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And then there were … er … is it six?

With Boris Johnson as the early runaway leader in both the opinion polls and the first round of the Tories’ stage-by-stage voting system, attention has recently turned to the inevitable next phase in which the rest of the field brave enough begin vying to stay in the race by  braying about their supposed unique selling points whilst also collectively attacking Johnson both for having come top in the first round vote and for ‘being kept under wraps’ by his handlers, presumably in case by appearing in public he damage his own brand … er … by being Boris.

Hence yesterday’s appearances by Jeremy Hunt and Rory Stewart on the BBC1’s Andrew Marr Show – respectively resembling most a startled fawn (Hunt) and just weird (Stewart) –  followed later by their appearance on the Channel Four “Tory leadership live debate” together with fellow candidates Michael Gove, Dominic Raab and Sajid Javid and an empty lectern [representing Boris], an event chaired by Krishnan Guru-Murthy.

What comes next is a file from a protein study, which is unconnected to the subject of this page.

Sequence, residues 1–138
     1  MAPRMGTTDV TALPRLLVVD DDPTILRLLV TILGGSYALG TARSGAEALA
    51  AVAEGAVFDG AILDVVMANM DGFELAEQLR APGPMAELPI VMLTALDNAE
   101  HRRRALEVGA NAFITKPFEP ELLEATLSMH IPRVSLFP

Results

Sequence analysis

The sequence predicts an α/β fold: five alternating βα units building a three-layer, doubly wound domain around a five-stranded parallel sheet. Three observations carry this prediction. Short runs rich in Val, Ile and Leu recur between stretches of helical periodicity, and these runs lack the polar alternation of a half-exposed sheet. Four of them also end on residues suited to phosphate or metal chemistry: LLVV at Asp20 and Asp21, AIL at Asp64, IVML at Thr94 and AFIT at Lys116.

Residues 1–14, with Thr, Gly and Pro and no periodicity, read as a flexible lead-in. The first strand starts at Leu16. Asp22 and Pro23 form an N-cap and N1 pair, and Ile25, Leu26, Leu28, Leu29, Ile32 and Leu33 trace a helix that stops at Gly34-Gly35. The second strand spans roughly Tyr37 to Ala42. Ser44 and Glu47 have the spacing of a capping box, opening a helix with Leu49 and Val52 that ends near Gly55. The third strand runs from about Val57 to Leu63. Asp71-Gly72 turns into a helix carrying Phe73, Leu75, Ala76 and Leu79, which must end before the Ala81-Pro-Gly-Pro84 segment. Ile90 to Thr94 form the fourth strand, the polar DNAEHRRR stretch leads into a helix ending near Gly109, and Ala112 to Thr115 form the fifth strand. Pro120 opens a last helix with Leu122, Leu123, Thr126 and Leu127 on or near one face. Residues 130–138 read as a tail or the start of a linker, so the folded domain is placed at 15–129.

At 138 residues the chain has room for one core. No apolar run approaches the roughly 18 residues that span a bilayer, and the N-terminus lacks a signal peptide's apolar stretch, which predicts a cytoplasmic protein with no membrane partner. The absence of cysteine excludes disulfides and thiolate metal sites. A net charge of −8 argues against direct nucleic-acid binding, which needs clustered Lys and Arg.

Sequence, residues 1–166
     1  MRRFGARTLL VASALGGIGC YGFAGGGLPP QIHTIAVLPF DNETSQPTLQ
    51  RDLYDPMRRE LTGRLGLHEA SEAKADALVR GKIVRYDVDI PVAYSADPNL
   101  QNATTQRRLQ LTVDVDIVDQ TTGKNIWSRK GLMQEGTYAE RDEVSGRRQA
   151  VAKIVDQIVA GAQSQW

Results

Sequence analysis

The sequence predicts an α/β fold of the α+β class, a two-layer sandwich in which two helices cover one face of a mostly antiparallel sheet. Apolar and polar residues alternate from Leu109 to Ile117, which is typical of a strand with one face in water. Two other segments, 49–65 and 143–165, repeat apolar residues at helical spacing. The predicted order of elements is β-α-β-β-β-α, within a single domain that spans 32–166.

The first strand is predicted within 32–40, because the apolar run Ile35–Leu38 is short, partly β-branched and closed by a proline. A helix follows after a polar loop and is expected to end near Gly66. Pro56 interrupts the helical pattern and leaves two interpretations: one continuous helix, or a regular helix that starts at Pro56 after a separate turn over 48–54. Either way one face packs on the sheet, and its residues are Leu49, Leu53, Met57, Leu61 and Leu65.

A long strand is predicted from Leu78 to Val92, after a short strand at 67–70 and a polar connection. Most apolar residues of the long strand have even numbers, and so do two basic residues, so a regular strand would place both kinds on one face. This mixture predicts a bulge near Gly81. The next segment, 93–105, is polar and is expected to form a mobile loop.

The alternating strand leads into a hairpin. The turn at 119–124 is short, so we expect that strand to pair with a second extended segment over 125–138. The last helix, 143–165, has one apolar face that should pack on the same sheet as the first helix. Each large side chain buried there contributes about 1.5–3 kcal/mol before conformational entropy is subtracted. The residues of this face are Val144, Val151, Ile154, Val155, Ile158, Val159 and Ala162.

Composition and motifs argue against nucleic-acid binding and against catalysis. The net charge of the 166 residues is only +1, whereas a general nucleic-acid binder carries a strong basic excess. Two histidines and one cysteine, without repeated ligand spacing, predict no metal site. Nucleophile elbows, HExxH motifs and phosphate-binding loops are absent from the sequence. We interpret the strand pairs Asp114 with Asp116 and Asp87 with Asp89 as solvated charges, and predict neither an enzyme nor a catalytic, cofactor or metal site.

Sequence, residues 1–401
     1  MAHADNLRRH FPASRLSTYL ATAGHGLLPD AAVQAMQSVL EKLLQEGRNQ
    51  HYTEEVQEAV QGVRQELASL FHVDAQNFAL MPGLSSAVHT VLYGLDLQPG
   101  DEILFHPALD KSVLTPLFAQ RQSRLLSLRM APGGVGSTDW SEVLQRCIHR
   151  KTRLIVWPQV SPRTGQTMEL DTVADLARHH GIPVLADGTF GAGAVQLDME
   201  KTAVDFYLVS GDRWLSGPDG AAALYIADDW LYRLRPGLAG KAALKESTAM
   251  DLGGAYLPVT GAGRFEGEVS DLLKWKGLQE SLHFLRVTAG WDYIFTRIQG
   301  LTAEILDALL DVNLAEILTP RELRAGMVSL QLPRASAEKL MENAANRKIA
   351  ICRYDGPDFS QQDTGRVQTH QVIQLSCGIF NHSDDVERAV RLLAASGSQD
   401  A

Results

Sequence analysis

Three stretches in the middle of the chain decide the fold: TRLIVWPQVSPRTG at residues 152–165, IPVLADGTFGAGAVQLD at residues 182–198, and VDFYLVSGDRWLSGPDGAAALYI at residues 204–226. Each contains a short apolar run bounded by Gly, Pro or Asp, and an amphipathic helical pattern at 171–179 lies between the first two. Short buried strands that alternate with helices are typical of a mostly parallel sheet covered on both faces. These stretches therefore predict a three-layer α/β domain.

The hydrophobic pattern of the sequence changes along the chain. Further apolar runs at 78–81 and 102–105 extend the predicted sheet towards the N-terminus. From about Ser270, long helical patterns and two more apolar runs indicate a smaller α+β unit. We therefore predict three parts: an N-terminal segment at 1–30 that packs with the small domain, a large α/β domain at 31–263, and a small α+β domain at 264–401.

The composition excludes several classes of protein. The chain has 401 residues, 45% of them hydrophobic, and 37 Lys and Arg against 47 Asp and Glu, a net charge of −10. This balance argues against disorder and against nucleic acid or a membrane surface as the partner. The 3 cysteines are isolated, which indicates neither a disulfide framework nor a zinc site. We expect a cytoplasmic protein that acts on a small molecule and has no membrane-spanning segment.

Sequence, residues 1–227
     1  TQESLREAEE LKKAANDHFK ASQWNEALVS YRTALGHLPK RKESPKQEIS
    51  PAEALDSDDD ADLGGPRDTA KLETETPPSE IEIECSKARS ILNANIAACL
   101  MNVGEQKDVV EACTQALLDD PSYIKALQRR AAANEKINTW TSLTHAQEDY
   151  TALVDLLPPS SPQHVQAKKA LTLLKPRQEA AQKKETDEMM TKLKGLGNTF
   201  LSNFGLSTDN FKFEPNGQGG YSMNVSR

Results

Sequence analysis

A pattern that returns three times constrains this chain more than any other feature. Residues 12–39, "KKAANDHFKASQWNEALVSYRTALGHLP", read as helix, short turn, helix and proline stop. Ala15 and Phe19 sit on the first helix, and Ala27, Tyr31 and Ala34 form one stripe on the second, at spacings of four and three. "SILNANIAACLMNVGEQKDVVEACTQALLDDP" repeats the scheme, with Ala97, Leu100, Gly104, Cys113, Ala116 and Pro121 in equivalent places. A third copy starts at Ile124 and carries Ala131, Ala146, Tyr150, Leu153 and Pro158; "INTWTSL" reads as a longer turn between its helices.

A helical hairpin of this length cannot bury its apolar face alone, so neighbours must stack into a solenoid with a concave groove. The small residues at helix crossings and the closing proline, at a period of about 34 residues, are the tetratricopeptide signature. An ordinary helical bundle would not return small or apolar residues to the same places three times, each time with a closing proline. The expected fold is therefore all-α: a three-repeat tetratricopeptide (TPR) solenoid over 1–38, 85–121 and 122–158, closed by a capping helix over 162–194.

I caught this only fleetingly because, in order to avoid the half-time pundit analysis of a Women’s World Cup match being covered by BBC2, I had begun channel-hopping in search of a rewarding five-minute diversion. In the end I watched ten minutes of it so Rusters may need to discount my comments to a degree for being ill-informed.

In order convey an impression of what it was like, my best effort would be a nervy school sixth form moot transported into a television studio – awkward, awkward, awkward. It was a spectacle that did none of them any good, in fact at times quite the reverse.

(This, of course, may be another reason why the Johnson strategists made a clever decision in keeping him out of it, and also why – had they been given a free rein – those on the rest of the candidates’ teams would probably also have advised against it, but in the circumstances couldn’t).

Anyway, here are three reviews of said debate worth a glance:

Tom Peck, writing on the website of – THE INDEPENDENT

John Crace on the website of – THE GUARDIAN

Daniel Martin and Milly Vincent on the website of the – DAILY MAIL

About Lavinia Thompson

A university lecturer for many years, both at home and abroad, Lavinia Thompson retired in 2008 and has since taken up freelance journalism. She is currently studying for a distant learning degree in geo-political science and lives in Norwich with her partner. More Posts